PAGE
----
Writing a Dissertation Conclusion
In any thesis or dissertation, the conclusion chapter is one of the document’s most important parts. Despite its importance, however, this chapter is often neglected. This is unfortunate since a conclusion plays a key role in such a paper. Therefore, it is important that writers take sufficient time to get it absolutely right. A conclusion is important because it is where you convincingly argue that your work makes a valuable contribution to existing knowledge while showing what that contribution is and its significant implications. Although a conclusion is often shorter than other dissertation chapters, it does have a vital job to do.
What You Should Not Do in a Conclusion
The following are four mistakes that people frequently make when writing a thesis or dissertation conclusion:
- The student takes a laborious journey back through all the findings that were described in earlier chapters. This is something examination boards hate. You do need to recall the findings, but this needs to be done concisely and with elegance. The purpose of a summary is to finish off the main task.
- The student introduces lots of fresh material. This confuses examination boards and leaves them wondering where this new material has appeared from. If you do need fresh material to make your final case, it should be introduced in an earlier chapter such as the introduction, literature review, or methodology chapter. The writer’s case for doing a particular piece of research is described at the outset. In the conclusion, you should show how you have addressed or endeavored to address any issues or problems. If your aim is to make the case that your thesis makes some type of literary contribution, this should be mentioned in the literature review chapter. Any gaps need to be identified and filled. If your argument is that your research makes a practical contribution towards solving some problem, then you need to establish the existence of that need (with evidence) early on.
If you introduce fresh material towards the end, it is likely to give an examinations board the impression that you ran out of time or could not be bothered to return and add the new material in its rightful place. Introducing new material at the end often indicates the introduction was written long before the writer decided what their argument would be. For example, this scenario could apply to students who write a literature review early on in their academic career and leave them aside to use later.
- Research limitations are not discussed. This need not be an extensive discussion on the project’s limitations, which the examinations board can do, but it is essential to state clearly what your research covers and does not cover. This creates the foundation for the type of claims mentioned later in point 4.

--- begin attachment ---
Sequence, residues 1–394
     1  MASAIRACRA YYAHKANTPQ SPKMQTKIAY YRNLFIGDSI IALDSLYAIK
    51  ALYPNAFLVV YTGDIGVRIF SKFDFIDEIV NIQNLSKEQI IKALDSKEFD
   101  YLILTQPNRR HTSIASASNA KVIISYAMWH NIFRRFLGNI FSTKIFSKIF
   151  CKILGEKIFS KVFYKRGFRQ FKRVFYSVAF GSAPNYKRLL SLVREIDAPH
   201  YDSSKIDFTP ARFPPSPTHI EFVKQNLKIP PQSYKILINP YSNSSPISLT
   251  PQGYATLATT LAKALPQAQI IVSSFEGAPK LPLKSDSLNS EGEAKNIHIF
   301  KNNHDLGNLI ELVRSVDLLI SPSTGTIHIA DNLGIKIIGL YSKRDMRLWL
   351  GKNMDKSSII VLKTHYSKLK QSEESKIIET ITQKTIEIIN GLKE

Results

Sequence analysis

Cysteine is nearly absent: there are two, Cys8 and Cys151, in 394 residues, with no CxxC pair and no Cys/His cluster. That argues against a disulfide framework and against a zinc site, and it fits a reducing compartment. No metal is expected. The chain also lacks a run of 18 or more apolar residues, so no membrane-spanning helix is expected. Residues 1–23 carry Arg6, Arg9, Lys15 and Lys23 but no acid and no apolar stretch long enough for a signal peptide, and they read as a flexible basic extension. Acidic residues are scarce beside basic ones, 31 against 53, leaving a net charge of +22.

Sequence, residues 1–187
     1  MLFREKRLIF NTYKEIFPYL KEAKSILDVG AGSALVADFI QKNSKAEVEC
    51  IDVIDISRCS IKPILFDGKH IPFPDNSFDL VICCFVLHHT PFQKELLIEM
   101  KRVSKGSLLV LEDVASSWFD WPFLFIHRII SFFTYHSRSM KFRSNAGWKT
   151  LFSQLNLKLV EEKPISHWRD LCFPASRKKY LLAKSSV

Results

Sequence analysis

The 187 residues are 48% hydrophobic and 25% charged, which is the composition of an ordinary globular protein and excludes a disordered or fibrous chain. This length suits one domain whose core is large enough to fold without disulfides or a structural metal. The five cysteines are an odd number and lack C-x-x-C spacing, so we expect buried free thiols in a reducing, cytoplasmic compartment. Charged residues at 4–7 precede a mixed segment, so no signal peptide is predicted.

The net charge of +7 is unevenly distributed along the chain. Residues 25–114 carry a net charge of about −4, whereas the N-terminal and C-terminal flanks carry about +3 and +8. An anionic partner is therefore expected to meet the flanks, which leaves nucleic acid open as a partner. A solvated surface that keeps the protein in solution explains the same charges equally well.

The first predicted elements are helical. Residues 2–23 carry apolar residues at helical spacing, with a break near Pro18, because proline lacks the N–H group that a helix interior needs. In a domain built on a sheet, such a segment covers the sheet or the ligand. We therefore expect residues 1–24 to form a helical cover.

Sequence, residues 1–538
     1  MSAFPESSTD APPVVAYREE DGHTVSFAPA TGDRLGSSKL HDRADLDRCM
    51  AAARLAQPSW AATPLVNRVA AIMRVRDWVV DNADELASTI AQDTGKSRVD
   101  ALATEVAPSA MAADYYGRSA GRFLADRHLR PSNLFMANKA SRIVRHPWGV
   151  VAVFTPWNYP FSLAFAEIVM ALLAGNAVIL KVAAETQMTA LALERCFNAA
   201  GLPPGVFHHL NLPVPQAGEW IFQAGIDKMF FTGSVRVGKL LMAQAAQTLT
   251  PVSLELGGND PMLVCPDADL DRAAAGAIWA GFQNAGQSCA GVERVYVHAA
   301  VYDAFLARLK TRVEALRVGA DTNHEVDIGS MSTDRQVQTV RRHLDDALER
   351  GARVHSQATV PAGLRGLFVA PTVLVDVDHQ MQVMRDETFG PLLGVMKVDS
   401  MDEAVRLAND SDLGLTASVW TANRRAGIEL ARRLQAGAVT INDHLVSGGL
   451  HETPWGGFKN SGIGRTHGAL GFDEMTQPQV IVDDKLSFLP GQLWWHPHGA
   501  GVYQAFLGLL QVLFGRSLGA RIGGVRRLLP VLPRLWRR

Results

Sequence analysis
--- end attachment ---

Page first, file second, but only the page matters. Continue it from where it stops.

Some writers briefly acknowledge limitations but do not mention themselves in this acknowledgement. This can give the impression that they learned nothing from their research and their knowledge is the same as when they started. While it is not necessary to give an extensive account, it is very important to understand that the limitations in a research project are not just a reference to location, method, or sample, but that they also concern the writer and their capabilities and/or any blind spot they may have. This point can have greater significance from one discipline to another, but most examiners expect to witness some reaction after a considerable period of research, thinking, and writing.
- Claims are exaggerated or not emphasized enough. This point relates to point 3 above. The claims being referred to concern what the research covers and does not cover. Essentially, they are the main points and implications of the research.
When writing a conclusion, it is very important to transition from summing up one’s findings to explaining their meaning. These are the “what does it matter” and “what now” questions. Why did you feel it was important to do this piece of research? This question must be answered in your conclusion.
Some thesis papers that do not answer this question are occasionally presented to examiners. However, these are often from students who have conducted reasonably small studies and there is not so much that can be done in a short timeframe. Yet, these papers go on to make wide-ranging general statements, which are best avoided except in cases where the research really does break new ground. Doctoral research in most cases is not world changing but this work can draw attention to serious policy questions and suggest possible remedies.
What is more common, however, is to see writers hurry through the section that discusses the possible implications of their research work. Some make a few suggestions about current practices or policies and speculate briefly about further research in the future. Often, they do not refer to any related works of literature. This is not a good idea because, apart from anything else, doctoral-level research should add to the sum of knowledge about some particular subject. Therefore, it must refer to relevant works of literature, but a lot of papers do not. It is crucial that the content in a thesis or dissertation conclusion links back to the literature chapter.
All the above mistakes can leave the writer depending on the sympathy of an examinations board, when this really is unnecessary. One thing that is very worthwhile when writing a conclusion is to have a checklist. This is likely to be a great help. It is also important to allow sufficient time at the end of your project to ensure everything is done in a proper manner.